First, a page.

FAYETTE COUNTY, WV (WVNS) — Nearly everything about education changed during the pandemic. The way students and teachers interact, educate, and operate all now occur partially online. While some may be used to the new form of education, there are parents in Fayette County who say things are worse now more than ever.
The Fayette county Board of Education met earlier this year to discuss the plans for the upcoming semester. Board members decided to return to a blended education model with the hopes of soon returning to fully in-person learning. Gary Hough, the Superintendent of Fayette County, said in order to get students back in the classroom, you need enough teachers.
“If we are going to bring our brick and mortar kids back on a full time basis, we have to find a way to bring those teachers back to the classroom so that we can reduce those class sizes,” Hough said.
For the first half of the year, elementary school students who chose a fully online education were taught by Fayette County teachers through an online service called Schoology. In order to have smaller class sizes, those teachers are now fully involved in face-to-face instruction.
The board of education made the decision to have their fully remote elementary school students learn through an online service called, Edgenuity, where they are taught by out-of-state educators.
Amanda Ruleman is parent of Fayette County student.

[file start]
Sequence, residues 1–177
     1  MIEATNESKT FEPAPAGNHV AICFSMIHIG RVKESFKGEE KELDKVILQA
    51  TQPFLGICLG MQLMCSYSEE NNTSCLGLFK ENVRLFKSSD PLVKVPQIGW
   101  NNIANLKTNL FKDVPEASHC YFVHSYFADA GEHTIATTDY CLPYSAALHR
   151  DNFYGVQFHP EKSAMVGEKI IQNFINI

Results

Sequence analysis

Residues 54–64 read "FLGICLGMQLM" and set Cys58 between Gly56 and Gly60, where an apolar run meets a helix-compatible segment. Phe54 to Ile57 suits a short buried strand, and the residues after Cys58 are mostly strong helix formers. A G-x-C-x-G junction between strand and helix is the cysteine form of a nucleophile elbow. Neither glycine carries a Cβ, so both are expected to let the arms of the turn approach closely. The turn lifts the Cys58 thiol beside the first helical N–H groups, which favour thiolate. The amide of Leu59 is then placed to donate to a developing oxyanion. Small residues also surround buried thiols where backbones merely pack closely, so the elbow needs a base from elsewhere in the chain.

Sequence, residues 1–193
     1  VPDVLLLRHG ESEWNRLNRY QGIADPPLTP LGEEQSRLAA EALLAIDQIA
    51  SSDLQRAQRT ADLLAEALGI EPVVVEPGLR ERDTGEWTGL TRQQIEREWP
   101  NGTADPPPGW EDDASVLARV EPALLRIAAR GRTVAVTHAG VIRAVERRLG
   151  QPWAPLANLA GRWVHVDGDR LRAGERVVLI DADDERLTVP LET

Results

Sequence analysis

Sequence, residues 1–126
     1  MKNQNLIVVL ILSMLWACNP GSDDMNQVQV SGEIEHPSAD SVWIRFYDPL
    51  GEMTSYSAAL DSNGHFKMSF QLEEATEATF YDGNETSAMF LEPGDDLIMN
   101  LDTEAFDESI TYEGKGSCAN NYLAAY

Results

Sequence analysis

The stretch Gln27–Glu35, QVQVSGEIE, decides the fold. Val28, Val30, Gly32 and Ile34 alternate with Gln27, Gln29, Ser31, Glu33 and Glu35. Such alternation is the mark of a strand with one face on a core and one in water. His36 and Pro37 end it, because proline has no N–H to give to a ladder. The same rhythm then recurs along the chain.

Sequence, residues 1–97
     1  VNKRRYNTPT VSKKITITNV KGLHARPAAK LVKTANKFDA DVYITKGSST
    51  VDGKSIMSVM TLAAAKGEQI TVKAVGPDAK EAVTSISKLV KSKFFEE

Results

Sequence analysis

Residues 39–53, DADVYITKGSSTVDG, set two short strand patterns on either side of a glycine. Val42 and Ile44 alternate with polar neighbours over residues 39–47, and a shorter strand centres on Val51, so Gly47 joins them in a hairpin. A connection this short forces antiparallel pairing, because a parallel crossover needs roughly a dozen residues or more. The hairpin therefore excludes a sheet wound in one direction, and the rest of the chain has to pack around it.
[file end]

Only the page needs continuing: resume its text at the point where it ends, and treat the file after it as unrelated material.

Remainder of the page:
“I wasn’t pleased about a new program, I said hey we’ll give it a shot the other one wasn’t so bad. With this one, it is so complicated there is so much work,” Ruleman explained.
Ruleman said she believes the new program creates more problems than it solves. She brought two students with her who said they miss Schoology and their teachers.
“It was easier, well taught, and it actually taught me,” said one elementary school student.
“The work is way to hard and they are assigning too many assignments,” said another.
Superintendent Hough said he knows the transition to the new program can be frustrating for students and their parents, but he wants them to know the board is working through the transition to make things easier on everyone.
“Needless to say, I understand what the feelings are as we went through a change. I think it is important to have patience as we go through that issue,” said Hough.
But for some, their patience is running out.
“I have cried, my child has cried,” said Ruleman.
Ruleman and many other parents who we spoke with said they feel pushed to the wayside as the focus shifts to getting students back in school full time.
Hough wanted concerned parents to understand while the program may seem overwhelming, it is the best tool they have to getting and keeping students on track.
“The platform is what we have to do for the overall makeup of Fayette County schools, the whole school system and all the kids in the school system, we don’t want them left behind,” said Superintendent Hough.
Hough said he is proud of how his students and faculty are handling online education. He hopes he only has to ask them to endure it for a little while longer.